In 2019, the global syringe and needle market size was valued at $6.8 billion, with the majority of the market size occupied by the needles segment. The global market size is set to expand partially due to the COVID19 pandemic and exceed $7.5 billion in 2026. In North America and Europe, the majority of the
In 2018, the fastest-growing segment in the diabetes care market was the FGM market, which increased significantly in value. Abbott received CE Mark approval for FreeStyle® Libre in September 2014 and for FreeStyle® 2 in October 2018. The company also launched FGM in the U.S. market in late 2017 and has expanded to numerous international
Throughout this medical market research, we analyzed over 90 diabetes companies across 16 countries and used our comprehensive methodology to understand the market sizes, unit sales, company market shares, and to create accurate forecasts. While this MedSuite report contains all the Global Diabetes Monitoring, Treatment and Drug Delivery data and analysis, each of the market segments
In 2018, the fastest-growing segment in the diabetes care market was the FGM market, which increased dramatically in value. The high level of growth was attributed to the commercial launch of FGM in late 2017. Abbott received FDA approval for FreeStyle® Libre in September 2017 and for FreeStyle® Libre 14 Day in July 2018. The
Industry Trends Patent expirations and the introduction of new products will lead to higher unit sales growth in the long-acting insulin segment, relative to the rapid-acting insulin, premixed insulin and human insulin segments. Combined with steady appreciation of ASP, it is projected that long-acting insulin will be the fastest growing segment in the total insulin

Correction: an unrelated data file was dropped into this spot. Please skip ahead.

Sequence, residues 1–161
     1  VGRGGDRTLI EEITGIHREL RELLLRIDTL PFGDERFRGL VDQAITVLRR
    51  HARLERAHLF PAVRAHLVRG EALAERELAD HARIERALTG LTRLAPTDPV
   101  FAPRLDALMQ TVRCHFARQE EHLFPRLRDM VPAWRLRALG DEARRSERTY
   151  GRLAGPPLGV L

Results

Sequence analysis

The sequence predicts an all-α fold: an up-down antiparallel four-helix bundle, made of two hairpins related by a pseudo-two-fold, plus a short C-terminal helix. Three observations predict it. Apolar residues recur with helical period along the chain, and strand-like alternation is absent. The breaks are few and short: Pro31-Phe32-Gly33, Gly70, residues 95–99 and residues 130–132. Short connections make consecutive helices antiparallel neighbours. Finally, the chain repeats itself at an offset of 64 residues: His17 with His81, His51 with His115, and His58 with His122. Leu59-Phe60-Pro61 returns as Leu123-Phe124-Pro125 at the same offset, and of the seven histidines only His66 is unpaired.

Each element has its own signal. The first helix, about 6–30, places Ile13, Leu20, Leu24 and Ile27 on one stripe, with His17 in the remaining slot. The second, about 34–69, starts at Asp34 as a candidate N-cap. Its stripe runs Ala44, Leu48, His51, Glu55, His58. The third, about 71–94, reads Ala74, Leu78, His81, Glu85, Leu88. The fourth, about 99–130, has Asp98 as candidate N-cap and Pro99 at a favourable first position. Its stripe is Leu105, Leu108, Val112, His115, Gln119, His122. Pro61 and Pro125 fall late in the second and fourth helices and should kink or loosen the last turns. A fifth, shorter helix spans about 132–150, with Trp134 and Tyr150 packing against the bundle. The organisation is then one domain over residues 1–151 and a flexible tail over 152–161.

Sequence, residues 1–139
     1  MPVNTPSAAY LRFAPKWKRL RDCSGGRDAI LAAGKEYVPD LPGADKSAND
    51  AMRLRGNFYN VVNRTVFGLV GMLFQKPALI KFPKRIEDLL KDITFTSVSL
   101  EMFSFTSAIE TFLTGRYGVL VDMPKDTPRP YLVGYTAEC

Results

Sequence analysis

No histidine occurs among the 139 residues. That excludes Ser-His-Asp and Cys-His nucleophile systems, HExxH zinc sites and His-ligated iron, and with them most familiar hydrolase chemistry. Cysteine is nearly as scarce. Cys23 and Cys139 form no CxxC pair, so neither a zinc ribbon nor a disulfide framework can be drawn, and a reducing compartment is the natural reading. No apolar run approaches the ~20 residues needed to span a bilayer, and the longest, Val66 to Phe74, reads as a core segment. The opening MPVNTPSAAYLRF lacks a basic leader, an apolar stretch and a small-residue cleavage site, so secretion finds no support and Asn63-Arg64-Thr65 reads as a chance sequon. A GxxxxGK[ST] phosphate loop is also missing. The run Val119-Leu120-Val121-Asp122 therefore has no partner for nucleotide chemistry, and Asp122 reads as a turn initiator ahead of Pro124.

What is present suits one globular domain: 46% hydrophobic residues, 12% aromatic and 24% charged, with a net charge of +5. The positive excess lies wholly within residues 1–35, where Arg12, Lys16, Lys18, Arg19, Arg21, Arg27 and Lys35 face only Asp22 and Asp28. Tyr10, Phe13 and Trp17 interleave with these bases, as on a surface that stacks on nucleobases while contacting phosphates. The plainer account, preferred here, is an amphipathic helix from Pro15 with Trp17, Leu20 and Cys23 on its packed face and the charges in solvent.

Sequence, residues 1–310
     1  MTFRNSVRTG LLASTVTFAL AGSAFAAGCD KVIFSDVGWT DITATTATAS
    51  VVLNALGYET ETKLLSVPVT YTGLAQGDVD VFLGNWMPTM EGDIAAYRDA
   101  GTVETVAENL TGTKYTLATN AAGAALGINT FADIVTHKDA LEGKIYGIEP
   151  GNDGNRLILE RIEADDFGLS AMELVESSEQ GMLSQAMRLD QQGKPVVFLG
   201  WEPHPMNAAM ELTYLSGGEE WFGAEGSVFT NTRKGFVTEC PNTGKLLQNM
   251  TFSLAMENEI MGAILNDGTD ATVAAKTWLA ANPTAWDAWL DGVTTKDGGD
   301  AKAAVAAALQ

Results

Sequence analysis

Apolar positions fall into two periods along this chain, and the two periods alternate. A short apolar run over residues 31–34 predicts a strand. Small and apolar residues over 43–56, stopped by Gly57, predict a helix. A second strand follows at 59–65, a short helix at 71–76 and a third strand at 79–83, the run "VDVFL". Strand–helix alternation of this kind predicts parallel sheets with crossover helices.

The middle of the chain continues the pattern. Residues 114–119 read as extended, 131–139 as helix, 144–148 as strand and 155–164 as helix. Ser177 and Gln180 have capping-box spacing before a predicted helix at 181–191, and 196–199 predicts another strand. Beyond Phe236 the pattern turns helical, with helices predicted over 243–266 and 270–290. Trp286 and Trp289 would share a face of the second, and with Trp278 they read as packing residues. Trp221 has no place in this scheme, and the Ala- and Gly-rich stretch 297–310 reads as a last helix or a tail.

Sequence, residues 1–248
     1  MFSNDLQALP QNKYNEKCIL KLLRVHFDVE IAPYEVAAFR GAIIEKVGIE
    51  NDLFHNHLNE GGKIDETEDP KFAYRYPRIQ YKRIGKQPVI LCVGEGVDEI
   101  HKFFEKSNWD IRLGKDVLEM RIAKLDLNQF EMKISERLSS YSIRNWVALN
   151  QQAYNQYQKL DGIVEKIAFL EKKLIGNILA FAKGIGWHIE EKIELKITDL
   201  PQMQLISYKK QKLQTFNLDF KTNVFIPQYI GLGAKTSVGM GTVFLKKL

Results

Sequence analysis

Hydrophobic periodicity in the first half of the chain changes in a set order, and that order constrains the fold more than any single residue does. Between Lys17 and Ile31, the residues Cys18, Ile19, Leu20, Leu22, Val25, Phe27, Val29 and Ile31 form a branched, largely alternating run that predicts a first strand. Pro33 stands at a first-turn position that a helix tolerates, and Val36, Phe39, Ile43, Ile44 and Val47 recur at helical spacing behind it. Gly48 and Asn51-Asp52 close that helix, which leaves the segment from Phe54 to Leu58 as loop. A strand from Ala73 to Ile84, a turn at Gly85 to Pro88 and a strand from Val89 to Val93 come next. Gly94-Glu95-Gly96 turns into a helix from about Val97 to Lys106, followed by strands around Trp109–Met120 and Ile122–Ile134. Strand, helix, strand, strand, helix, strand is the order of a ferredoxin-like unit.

About MedCore Research Our analysts meticulously research for up to 3 to 4 months to put together one suite of reports (MedSuite), which is a comprehensive analysis of a group of healthcare markets. MedCore research is one portion of that analysis that focuses on one market segment and provides further detailed segmentation to get a
A lancet is a small needle with a plastic or rubber coating that fits into the top of a lancing device. Lancing devices are pen-like instruments which are used in conjunction with a lancet to draw blood to be applied to a glucose strip. Many lancets come as a component of blood glucose monitoring kits, and can be adjusted for injection depth. Reusable lancets are not as effective as they are more dull and painful and increase the risk of infection.
Blood glucose meters are electronic devices that analyze a small drop of blood that is drawn using a lancet and lancing device. The blood is placed on a small disposable test strip that is inserted into the blood glucose meter, which reads the level of glucose in the blood. The blood glucose meter is battery-powered and fits in the palm of the hand. When the blood is placed on the strip, it flows in through capillary action. The electrochemical reaction between the test strip and the blood determines the blood glucose concentration reported as milligrams per deciliter (mg/dL) or millimoles per liter (mmol/L).